Protests erupted overnight in Charlotte, North Carolina after a police officer fatally shot 43-year-old Keith Lamont Scott. The Charlotte Mecklenberg Police Department said officers, including officer Brentley Vinson, were at The Village at College Downs apartment complex on Old Concord Road to serve a warrant. Authorities didn't suspect Scott of committing a crime, according to Refinery29.

Charlotte Mecklenberg police chief Kerr Putney said in a September 21 press conference that Scott posed an immediate threat to officers when he allegedly exited his car with a gun.

"The officers gave loud, clear, verbal commands which were also heard by many of the witnesses," Putney said. "Mr. Scott exited his vehicle armed with a handgun as the officers continued to yell at him to drop it."

Vinson, who'd been on the police force for two years, fired his weapon at Scott. Putney claimed that the officer then provided CPR, though the victim later died in Carolinas Medical Center.

The chief said the events unfolded in a matter of seconds.

Witnesses are refuting the officer's testimony.

Lyric Scott, who is reportedly the victim's daughter, posted a now-deleted Facebook Live video that refuted the police department's claim that her father had a weapon.

She said officers approached her disabled father while he sat in his car reading a book. The gunfire woke Scott's daughter from a nap. She said in the video that she learned of her father's death on the news.

Scott's brother said the victim was sitting in the car waiting for his son to be dropped off by a school bus. He also claimed the officers were dressed in plain clothes.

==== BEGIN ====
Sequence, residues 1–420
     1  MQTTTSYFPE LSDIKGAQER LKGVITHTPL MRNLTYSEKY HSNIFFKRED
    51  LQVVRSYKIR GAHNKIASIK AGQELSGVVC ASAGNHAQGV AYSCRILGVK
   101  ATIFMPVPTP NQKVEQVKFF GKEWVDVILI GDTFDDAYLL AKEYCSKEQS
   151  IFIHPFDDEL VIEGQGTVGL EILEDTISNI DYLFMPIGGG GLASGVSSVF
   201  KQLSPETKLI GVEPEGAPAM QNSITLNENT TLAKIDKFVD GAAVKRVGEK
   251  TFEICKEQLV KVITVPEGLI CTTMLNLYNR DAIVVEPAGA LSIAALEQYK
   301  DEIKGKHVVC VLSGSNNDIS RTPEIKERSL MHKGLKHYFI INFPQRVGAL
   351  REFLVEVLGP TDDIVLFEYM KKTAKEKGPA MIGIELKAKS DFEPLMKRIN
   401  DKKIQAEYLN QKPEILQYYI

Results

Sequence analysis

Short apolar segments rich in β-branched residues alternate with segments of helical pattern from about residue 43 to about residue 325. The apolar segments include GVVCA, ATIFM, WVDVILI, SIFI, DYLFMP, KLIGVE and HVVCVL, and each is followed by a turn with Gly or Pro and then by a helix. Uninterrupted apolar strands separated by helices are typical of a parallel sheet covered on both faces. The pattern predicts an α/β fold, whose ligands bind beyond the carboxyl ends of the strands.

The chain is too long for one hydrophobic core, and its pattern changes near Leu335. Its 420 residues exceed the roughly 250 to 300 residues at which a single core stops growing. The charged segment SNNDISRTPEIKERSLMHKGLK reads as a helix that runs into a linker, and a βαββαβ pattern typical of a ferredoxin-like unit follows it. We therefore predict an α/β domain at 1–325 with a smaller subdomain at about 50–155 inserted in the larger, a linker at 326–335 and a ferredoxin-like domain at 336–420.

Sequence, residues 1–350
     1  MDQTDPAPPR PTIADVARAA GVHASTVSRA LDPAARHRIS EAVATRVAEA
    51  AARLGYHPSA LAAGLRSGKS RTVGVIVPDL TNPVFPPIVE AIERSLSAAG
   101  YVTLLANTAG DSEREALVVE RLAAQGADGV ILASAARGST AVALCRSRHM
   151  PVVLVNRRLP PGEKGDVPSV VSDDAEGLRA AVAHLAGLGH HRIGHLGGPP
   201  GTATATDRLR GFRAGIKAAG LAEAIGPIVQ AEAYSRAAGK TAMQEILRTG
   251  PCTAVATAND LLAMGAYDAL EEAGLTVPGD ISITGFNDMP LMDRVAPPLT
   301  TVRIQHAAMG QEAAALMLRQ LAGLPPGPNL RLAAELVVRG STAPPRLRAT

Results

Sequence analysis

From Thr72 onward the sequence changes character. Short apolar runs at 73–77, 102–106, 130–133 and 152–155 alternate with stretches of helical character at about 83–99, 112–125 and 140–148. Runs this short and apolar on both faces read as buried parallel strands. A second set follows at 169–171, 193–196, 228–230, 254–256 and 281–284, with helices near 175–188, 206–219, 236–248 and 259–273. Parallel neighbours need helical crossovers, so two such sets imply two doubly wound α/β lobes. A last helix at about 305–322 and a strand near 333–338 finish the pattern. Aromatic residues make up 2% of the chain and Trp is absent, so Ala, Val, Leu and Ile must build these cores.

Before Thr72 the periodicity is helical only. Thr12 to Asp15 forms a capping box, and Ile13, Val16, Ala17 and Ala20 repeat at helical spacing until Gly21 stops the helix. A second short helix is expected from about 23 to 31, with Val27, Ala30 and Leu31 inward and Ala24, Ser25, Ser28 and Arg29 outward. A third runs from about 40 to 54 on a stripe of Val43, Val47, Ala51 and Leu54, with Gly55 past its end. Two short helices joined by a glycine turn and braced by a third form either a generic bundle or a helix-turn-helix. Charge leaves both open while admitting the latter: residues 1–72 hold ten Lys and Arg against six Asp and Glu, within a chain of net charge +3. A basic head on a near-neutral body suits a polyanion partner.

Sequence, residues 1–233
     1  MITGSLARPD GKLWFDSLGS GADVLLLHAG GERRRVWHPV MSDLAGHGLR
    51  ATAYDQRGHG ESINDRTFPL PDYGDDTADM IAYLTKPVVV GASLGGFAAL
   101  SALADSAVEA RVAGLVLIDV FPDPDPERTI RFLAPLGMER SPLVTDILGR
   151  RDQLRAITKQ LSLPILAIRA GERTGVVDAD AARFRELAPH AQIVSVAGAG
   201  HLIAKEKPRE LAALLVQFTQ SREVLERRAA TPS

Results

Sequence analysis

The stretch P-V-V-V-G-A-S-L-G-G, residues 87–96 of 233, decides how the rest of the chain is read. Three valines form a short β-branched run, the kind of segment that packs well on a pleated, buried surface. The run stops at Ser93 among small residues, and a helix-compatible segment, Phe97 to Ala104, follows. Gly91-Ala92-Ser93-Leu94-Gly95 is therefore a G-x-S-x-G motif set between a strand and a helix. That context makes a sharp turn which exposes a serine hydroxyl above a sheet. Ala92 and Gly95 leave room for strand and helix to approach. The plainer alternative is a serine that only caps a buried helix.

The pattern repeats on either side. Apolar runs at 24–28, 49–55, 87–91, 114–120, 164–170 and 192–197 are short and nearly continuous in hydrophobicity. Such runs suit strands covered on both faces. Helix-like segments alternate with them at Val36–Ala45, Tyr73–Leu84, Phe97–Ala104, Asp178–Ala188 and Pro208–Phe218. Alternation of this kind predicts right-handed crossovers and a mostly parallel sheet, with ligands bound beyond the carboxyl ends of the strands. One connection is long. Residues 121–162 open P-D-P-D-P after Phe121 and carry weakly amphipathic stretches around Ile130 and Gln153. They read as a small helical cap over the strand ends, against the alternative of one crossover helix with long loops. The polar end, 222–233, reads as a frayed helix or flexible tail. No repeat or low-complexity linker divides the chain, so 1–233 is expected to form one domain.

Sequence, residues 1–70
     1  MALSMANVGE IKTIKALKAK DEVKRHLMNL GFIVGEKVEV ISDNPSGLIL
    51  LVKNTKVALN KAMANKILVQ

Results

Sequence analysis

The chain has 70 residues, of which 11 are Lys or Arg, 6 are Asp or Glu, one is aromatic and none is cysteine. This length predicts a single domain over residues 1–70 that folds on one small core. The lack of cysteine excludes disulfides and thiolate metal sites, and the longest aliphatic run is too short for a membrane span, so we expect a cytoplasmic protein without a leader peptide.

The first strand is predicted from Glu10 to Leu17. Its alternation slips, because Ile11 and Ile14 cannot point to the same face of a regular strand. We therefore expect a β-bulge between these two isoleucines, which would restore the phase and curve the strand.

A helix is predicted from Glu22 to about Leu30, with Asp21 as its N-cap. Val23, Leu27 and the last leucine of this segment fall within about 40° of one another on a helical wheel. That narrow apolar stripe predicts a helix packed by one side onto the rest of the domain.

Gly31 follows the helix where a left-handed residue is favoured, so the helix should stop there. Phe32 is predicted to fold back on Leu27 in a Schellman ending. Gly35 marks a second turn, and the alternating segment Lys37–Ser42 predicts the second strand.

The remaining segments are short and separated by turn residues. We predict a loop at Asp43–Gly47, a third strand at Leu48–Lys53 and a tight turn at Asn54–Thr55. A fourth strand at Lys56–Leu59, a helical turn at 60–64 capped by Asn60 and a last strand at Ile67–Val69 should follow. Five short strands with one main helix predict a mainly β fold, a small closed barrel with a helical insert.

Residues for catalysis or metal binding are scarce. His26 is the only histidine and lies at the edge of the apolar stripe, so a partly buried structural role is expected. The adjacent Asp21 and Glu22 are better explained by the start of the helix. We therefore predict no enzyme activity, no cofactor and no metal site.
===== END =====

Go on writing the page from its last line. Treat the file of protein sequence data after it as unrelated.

"[The officer] just jumped out and yelled 'gun' and shot at him," he told news reporters. "I think he shot him four times."

Chief Putney said authorities uncovered no book at the scene, but did retrieve a weapon.

North Carolina is an open-carry state.

Open carry states allows residents to legally tote firearms. North Carolina is one of 45 states that has this law.

However, as Vox points out, open carry laws don't prevent officers and courts from deeming shootings unjustifiable. Attorney and gun rights advocate David Kopel told Vox that officers shouldn't be able to shoot those carrying guns in open carry states.

"Let's say there's no open carry," Kopel said. "The officer has every right to intervene, to arrest, and so forth. But that doesn't mean you can shoot the guy." 

Overnight, protests overran Charlotte's streets. Officers fired tear gas around 10:53 pm ET after police officers claimed 16 of their own were injured.

"The extent of injuries varied, but all are minor enough that they would be released," Putney said of the hurt cops.

Given the complications of this case, the American Civil Liberties Union (ACLU) is demanding the release of dashcam videos.

"In the interest of transparency and accountability, and particularly in light of conflicting accounts about the shooting, the Charlotte-Mecklenburg Police Department should quickly release any and all footage it has of the events leading up to the shooting, as well as the shooting itself," the ACLU said in a statement. "The department should also explain why the officer who shot Mr. Scott was not wearing a body camera."

Officer Vinson, who's currently on paid administrative leave, wasn't wearing a body camera, but three other officers on the scene were, according to NBC News. It is unclear when those videos will be released to the public.

House Bill 972, a new North Carolina law, protects departments from releasing body camera footage in the public interest. The bill, which takes effect October 1, requires a court order to release body camera footage. 

The ACLU called the bill "disgraceful" in a statement about Scott's shooting.

"As we seen elsewhere, video footage of police shootings can provide crucial evidence of what took place — especially when there are conflicting accounts from police and community members," they said. "Charlotte should set an example for North Carolina by releasing footage of the shooting promptly before the obstacles imposed by the new state law take effect."

The Counted found that 193 Black men have been killed by police officers in 2016.

Main Image: Facebook/In Memorial of Keith Lamont Scott